When we read a book or watch a movie, we make a choice to accept the world we are about to enter. We know there will be heroes and villains. They will take us on a journey that will capture our attention and maybe even break our hearts. But the book or movie has an ending already determined by someone else. It is up to us to avoid jumping to the final chapter or fast forwarding to the end to prematurely learn how it ends.
I am often asked what I love about my job as director of broadcasting for UCF. Is it a football game at the Bounce House? A basketball game on the road with a hostile crowd? A baseball game on a sun-soaked spring day? A soccer match with rivals squaring off and a conference title on the line?
The answer is yes to all.
The beauty of live sports is the element of the unknown.
But unlike the book or movie, the beauty of live sports is the element of the unknown. No matter how you think a game will go, no matter who you think will play a big role, you never really know what the journey will be like. And that is something I never get tired of.
For a football game broadcast, I spend six days preparing. The preparation includes watching the previous week’s game. I study notes and numbers and learn as much as I can about the opponent for UCF. I talk to as many people as I can — student-athletes, coaches, support staff, the opposing team’s radio staff, the list goes on — to gather as much information that will prepare for me for anything that may happen. And you know what? There are always things that happen that you never prepare for.
You might think a second-year quarterback from the high school that produced McKenzie Milton will have a big game, but you can never predict he will throw for a school-record 601 yards and five touchdowns like Dillon Gabriel did against Memphis on Oct. 17.
You can guess that the basketball team might be able to pull off an upset on the road, but not predict that one of the main reasons will be a player who comes off the bench to play the game of his life that elevates him to become the hero of an improbable outcome.
And the best scriptwriter cannot create the drama of what unfolded on the soccer field when a coach is victorious in overtime over her mentor to mark a memory to last a lifetime.
I have been fortunate to broadcast some of the greatest moments in UCF sports history.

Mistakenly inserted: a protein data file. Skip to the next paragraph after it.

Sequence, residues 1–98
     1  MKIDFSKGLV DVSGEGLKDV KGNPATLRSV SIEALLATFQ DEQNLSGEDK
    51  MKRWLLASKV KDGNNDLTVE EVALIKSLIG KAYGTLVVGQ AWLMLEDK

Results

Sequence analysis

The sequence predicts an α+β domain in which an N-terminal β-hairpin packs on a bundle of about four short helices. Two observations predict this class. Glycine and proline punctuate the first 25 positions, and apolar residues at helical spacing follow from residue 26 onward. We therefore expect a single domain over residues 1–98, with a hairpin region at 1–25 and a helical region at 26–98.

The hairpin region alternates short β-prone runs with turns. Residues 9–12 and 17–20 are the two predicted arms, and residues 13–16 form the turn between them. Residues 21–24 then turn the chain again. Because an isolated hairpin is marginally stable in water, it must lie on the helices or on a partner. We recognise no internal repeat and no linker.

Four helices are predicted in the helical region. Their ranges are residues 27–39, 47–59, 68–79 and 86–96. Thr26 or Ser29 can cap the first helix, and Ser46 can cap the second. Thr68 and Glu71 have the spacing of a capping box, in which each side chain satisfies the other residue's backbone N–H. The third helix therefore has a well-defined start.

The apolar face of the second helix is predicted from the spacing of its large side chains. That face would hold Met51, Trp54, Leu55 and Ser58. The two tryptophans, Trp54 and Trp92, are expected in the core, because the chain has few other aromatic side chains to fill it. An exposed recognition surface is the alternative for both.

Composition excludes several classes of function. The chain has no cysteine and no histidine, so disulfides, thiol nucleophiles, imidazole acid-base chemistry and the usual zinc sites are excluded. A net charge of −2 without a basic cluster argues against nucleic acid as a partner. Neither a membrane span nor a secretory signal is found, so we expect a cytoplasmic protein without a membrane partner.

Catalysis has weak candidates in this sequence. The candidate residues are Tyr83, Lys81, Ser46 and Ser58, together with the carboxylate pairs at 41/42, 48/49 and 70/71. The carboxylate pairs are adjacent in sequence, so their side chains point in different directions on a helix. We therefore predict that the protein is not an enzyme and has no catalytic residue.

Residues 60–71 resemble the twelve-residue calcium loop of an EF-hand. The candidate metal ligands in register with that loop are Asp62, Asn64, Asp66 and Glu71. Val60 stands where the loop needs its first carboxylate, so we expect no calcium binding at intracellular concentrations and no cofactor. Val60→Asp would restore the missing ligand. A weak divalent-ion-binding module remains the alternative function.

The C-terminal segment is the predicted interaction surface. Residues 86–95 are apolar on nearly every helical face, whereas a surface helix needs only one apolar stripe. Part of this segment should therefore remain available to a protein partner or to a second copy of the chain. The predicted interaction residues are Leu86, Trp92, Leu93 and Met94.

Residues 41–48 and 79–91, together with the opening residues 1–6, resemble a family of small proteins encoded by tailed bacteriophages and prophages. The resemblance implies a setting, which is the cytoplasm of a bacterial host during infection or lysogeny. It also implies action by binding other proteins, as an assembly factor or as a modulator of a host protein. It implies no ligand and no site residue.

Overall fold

In UCF’s matchup at home against USF in 2017, Mike Hughes returned a kickoff for a game-winning touchdown. Before that play, I had no idea what was about to happen. The game was tied at 42. The stakes for UCF could not have been greater. The Knights needed to win the game against their rival to advance to the conference championship game and keep hopes alive for an undefeated season and major bowl game.
When Hughes began his return, no one knew his path to glory. I was fortunate to have the best seat in the Bounce House and watch magic happen. Hughes made two moves to fool would-be tacklers and then broke free — and at that moment everyone knew no one would stop him from reaching the end zone, where a sea of black and gold fans awaited.
As he broke free, I noticed fans begin their celebration and knew where he was headed. And without a script came the line:
“He’s got a reservation for six in the cabanas. He’s gone…TOUCHDOWN…BOOM!”
It just came out and it has become one of the lines fans know me for. But that was all the brilliance of the hero of the moment, Mike Hughes.
I began that morning hoping UCF was going to win. But how we got to the ending was the beauty of the day.
It doesn’t always go that way.
When I woke up the day the UCF men’s basketball team faced powerhouse Duke in the second round of the NCAA Tournament, I was hoping for a chance in the end to pull off the upset. And to this day, I still don’t know how Aubrey Dawkins put-back shot didn’t fall inside the rim. The heartbreak still lingers. But that is the unknown that makes these games better than any written production.
Sports lets us root for teams and individuals who represent us. They come from areas near and far. But when they put on a uniform, they become one of us. They bring us joy and sometimes even bring us to tears. They will set records and they will make mistakes. They will win championships and they will lose in the final moments.
And that is why there is no better moment than the one right before the game starts. It is the unknown journey I can’t wait to see unfold.
Marc Daniels is the radio play-by-play voice for UCF Athletics and serves as director of broadcasting for the Knights. He can be reached at email@example.com.
The UCF Forum is a weekly series of opinion columns from faculty, staff and students who serve on a panel for a year. A new column is posted each Wednesday on UCF Today and then broadcast on WUCF-FM (89.9) between 7:50 and 8 a.m. Sunday. Opinions expressed are those of the columnists, and are not necessarily shared by the University of Central Florida.